Another athlete, Dennis Rodman of the 6-time champion 90’s Chicago Bulls team, was a master rebounder. It was as if missed shots always bounced in his direction. However, it wasn’t luck that made that possible, it was preparation. Dennis Rodman watched countless games in order to study where his opponents shoot from most and which way their missed shots tended to bounce. Rodman built his mental maps this way and that allowed him to always be where the missed shots bounced.
How Nick Built His New Mental Maps
So how does this apply to a tech executive looking to reinvent himself into a successful restauranteur? How can anyone of us apply mental map building to our mastery goals?
Early in his reinvention, Nick dedicated time to working (most times as an unpaid intern) in as many roles inside of a restaurant as possible (i.e. waiter, server, runner, host, manager, etc.). By spending time in each role in busy NYC restaurants, he started building out his mental maps for running a successful restaurant. Taking this further, since he performed in multiple roles, he built mental maps from different perspectives in a restaurant environment which he later brought together as a restaurant operator. When it came time to open his first restaurant, he had experience from both the 10,000 ft view and multiple on-the-ground perspectives.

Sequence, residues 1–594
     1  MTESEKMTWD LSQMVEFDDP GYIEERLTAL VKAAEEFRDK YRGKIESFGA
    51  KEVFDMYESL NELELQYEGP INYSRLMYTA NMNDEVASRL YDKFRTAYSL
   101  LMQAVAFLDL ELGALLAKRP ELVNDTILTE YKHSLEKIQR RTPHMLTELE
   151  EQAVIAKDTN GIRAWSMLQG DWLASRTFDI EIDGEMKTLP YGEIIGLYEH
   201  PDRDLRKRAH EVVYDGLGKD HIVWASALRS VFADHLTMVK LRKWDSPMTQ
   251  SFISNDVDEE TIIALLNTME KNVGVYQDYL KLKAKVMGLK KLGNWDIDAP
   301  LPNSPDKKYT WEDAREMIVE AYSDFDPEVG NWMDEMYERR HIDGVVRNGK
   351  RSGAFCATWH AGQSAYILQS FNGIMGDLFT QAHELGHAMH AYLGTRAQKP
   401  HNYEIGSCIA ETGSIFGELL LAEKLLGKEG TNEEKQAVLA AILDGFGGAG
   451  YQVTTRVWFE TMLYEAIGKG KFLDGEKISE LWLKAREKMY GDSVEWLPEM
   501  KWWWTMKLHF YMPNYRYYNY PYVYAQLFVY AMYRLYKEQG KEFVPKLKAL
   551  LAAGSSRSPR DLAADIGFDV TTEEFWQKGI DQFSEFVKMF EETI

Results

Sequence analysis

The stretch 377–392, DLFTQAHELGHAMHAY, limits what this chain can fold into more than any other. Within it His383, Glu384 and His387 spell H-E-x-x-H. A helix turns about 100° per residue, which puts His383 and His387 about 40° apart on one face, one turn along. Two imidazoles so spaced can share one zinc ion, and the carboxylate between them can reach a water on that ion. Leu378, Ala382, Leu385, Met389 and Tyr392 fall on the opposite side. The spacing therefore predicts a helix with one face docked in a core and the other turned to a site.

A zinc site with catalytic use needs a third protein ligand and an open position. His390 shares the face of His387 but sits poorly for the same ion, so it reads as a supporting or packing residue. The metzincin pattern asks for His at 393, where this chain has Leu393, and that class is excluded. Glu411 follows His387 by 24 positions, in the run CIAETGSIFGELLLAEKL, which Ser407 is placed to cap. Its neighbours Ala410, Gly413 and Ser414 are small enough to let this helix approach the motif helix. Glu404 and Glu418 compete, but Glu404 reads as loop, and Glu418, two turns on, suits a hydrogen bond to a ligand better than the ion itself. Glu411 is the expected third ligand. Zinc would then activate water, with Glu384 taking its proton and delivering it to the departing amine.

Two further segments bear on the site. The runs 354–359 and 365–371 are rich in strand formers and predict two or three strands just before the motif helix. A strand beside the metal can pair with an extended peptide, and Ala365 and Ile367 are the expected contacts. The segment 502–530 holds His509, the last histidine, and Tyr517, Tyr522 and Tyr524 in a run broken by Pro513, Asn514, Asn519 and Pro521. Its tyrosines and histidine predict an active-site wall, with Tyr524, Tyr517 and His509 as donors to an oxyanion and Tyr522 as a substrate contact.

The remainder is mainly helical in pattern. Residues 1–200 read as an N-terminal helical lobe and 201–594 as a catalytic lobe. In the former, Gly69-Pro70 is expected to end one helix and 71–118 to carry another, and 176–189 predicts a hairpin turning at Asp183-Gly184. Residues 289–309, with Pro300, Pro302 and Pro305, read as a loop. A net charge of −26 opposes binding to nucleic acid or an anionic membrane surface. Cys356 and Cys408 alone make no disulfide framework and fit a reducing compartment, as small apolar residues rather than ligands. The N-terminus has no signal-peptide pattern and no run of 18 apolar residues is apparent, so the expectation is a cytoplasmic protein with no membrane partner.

So What Stops Us from Leveraging This Effective Strategy
One of the most difficult challenges in adopting this strategy is the feeling of going backwards. Pride, ego, limiting beliefs make us feel we can’t take this step backwards because it’s wrong to go back. We’ve been conditioned to think we must always move onward and upward. However, reinvention often requires us to take a few steps back so that we can take the big leaps forward later.
How This Strategy Helps Us Launch New Careers or Businesses
During my reinventions, I had to learn to take steps back in order to learn and build new skills that I could take forward with me. I also knew that the perspective gained from these roles would help me build the mental maps that I would need in order to be successful later.